The notorious Lazarus group, a known North Korean state-sponsored threat actor, seems to have been behind the recent major Ronin network breach, the FBI has said.
Ronin network, a cryptocurrency bridge developed by the same company behind the hugely popular blockchain-based game, Axie Infinity, was attacked in late March 2022, with the attackers getting away with $625 million in various cryptocurrencies.
Now, according to Vice, the FBI and the US Treasury Department (USDT) have pinned this attack it on Lazarus, having updated its file on the attack with a wallet that had received the stolen funds, which it says belong to the group.
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Fixing the bridge
The makers of the Ronin network, on the other hand, said it would take a little more time before they’d be able to bring the product back online.
“We are still in the process of adding additional security measures before redeploying the Ronin Bridge to mitigate future risk,” the company wrote in a blog post. “We expect to deliver a full post mortem that will detail security measures put in place and next steps by the end of the month.”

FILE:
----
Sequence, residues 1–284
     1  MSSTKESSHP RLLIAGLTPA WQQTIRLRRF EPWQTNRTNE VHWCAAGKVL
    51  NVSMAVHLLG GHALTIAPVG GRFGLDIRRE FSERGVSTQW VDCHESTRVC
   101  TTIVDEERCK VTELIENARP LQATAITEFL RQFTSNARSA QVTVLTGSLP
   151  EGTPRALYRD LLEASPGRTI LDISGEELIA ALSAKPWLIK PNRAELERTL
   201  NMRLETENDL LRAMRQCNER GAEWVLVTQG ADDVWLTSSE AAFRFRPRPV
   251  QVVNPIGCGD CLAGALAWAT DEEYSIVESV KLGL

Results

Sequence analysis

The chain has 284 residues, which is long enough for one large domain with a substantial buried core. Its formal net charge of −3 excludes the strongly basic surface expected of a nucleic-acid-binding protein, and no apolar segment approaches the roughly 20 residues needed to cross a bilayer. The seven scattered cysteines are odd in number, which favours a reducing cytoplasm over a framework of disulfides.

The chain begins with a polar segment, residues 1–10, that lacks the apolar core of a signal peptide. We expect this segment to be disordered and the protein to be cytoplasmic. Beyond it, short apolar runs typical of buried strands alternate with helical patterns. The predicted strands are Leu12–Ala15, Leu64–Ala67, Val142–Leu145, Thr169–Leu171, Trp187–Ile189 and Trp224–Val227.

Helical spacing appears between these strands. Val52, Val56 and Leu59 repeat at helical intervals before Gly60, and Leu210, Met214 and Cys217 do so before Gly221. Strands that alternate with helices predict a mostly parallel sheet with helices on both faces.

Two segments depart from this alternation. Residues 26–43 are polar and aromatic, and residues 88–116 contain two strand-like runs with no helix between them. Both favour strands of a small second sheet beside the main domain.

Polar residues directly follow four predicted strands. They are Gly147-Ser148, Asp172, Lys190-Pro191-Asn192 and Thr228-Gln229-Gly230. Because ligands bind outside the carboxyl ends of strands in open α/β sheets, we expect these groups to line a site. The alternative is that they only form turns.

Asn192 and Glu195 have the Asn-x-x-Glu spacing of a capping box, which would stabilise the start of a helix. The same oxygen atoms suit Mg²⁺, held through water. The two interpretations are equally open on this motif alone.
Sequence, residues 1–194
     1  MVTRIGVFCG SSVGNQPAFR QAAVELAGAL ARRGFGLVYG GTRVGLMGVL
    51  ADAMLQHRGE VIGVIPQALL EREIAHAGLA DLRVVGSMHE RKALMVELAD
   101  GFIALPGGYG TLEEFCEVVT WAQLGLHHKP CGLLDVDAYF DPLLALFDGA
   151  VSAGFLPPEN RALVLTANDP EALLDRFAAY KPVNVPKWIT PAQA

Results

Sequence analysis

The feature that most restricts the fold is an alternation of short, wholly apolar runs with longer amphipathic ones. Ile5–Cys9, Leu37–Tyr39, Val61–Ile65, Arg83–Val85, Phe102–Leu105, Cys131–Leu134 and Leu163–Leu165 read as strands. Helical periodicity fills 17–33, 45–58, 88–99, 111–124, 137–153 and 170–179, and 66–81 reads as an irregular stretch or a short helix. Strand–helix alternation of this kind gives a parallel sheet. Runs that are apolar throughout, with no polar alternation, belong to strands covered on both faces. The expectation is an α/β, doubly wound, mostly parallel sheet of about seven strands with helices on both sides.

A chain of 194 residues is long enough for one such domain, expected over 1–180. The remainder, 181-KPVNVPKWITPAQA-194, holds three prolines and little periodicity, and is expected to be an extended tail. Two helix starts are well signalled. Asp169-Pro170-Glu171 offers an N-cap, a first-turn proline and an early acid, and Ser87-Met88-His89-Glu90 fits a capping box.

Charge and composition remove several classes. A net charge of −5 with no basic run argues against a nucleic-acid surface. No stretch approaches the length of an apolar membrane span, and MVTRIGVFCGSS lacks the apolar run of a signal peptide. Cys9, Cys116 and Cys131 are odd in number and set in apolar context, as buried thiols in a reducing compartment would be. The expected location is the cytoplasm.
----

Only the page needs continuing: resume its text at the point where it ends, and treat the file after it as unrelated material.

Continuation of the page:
The bridge is expected to resume operations “by the end of the month”.
The wallet flagged by USDT currently holds 148,000 ETH, which is more than $447 million at press time. The wallet’s owners sent 3,302.6 ETH, or approximately $10 million, to another address, earlier this week. The wallet’s details can also be found on the blockchain explorer Etherscan (opens in new tab), where it’s been labeled as “involved in a hack targeting the Ronin bridge”.
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The hack saw 173,600 ether (the native currency of the Ethereum blockchain) and 25.5 million USD Coin stolen, totalling $625 million in value. Some commentators have suggested this may be the largest single heist (opens in new tab) in crypto history.
Given the blockchain’s transparent nature, the Ronin Network was able to quickly establish that the funds were taken from its endpoints (opens in new tab) on March 23. However, only after a user reported being unable to withdraw 5,000 ether did the team notice the breach.
An investigation revealed the attacker had used hacked private keys (opens in new tab) to forge fake withdrawals, the organization explained. It would seem that no viruses (opens in new tab) were used in the attack.
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Via: Vice (opens in new tab)